Sans any advice or direction from Dr. Lee and without any notes of Dr. Lee's evaluation in the medical record, Nurse Sergott examined appellant on the morning of the 17th, just before the surgery. He noted from his observations and from Dr. Gupta's notes that appellant was obese, asthmatic, and dyspneic (i.e., he had difficulty breathing). The last of these problems Nurse Sergott attributed to appellant's obesity and asthma, exacerbated by the fact that he was a heavy smoker. On the other hand, from the pre-operative tests that were done, it appeared that appellant's blood studies, electrocardiogram, blood pressure, heart rate, and chest x-ray were all normal. Nurse Sergott independently decided to use a brachial block; he decided, by himself, which drug to use for that purpose; and he also decided, by himself, what analgesic to use and how it was to be administered. The analgesic chosen by Nurse Sergott was Sublimaze — a synthetic narcotic analgesic listed as a Schedule II controlled dangerous substance.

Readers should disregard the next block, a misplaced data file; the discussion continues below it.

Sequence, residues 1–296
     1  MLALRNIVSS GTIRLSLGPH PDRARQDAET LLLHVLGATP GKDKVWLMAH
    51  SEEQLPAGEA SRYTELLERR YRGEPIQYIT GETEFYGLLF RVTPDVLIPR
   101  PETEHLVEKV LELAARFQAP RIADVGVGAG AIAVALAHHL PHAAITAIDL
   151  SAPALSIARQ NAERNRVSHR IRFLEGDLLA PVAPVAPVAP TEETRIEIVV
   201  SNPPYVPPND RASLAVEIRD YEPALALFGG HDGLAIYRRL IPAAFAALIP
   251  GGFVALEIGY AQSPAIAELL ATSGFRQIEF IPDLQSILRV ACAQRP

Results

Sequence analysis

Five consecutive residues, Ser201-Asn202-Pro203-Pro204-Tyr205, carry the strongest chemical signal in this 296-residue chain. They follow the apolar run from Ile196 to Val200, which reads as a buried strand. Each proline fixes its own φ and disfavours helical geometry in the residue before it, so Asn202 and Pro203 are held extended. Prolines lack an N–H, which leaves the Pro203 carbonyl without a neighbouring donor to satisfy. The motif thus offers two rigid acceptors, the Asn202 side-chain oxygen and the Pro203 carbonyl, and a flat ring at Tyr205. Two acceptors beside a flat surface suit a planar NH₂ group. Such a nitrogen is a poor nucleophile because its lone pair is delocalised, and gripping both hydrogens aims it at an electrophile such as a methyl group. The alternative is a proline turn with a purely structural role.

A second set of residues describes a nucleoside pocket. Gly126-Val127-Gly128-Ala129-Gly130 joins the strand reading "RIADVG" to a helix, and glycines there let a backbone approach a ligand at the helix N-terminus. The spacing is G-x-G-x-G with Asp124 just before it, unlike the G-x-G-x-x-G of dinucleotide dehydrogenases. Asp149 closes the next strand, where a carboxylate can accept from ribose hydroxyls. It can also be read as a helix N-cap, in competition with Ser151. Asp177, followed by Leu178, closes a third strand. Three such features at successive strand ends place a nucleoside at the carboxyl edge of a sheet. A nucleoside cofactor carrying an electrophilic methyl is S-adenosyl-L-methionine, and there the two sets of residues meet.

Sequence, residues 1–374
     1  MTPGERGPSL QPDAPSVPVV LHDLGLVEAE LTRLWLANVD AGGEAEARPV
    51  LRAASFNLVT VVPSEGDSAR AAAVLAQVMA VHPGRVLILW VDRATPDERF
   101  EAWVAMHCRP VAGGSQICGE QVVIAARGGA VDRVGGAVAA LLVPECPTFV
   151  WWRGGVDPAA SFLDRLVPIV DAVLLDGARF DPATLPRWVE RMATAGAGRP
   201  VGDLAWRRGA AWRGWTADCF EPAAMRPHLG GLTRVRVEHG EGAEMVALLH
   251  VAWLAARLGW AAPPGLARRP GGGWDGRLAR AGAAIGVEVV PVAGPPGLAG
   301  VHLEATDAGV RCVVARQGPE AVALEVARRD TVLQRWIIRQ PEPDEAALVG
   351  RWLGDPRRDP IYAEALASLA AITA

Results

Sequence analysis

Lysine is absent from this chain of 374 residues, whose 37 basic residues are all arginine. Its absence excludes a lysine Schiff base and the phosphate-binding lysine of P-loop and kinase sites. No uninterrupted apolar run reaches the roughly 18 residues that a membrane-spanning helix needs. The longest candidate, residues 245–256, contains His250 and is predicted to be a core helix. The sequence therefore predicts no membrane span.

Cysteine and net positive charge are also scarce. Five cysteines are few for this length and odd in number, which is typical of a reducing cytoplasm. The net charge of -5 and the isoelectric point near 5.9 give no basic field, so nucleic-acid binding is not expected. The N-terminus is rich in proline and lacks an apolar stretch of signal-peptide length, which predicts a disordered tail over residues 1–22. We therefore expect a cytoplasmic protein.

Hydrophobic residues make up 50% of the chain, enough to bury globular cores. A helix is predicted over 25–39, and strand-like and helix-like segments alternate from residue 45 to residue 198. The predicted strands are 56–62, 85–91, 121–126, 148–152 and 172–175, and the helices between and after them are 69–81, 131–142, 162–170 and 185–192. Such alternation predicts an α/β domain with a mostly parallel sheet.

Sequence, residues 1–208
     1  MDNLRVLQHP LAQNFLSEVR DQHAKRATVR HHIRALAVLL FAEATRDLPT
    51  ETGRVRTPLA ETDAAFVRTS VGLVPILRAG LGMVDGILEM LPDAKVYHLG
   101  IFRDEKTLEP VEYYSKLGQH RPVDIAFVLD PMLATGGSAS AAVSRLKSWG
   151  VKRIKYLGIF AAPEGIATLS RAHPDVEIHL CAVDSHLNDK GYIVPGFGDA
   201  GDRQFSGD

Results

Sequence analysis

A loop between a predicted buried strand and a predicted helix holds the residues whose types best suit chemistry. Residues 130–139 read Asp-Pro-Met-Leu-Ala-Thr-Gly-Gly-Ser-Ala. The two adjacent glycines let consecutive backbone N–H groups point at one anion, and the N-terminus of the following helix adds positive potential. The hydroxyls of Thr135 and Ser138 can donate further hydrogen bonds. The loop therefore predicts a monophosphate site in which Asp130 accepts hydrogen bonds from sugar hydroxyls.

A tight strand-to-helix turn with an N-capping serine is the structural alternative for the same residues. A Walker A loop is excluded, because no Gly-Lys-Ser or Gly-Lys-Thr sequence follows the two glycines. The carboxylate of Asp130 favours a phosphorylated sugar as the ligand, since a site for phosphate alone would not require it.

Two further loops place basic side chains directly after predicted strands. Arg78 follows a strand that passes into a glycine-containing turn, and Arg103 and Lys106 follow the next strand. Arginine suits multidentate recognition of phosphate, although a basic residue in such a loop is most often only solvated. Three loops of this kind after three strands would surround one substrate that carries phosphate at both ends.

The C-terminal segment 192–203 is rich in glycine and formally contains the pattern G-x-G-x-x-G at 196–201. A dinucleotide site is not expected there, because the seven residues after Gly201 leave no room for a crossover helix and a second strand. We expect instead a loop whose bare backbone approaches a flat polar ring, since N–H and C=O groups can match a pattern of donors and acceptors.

Sergott administered the brachial block while appellant was in the "holding room." Just before administering that block, he gave appellant one cubic centimeter (cc) of the Sublimaze. As appellant was being wheeled into the operating room, Sergott gave him a second cc of Sublimaze, and about 10 minutes later he gave him a third cc of that drug.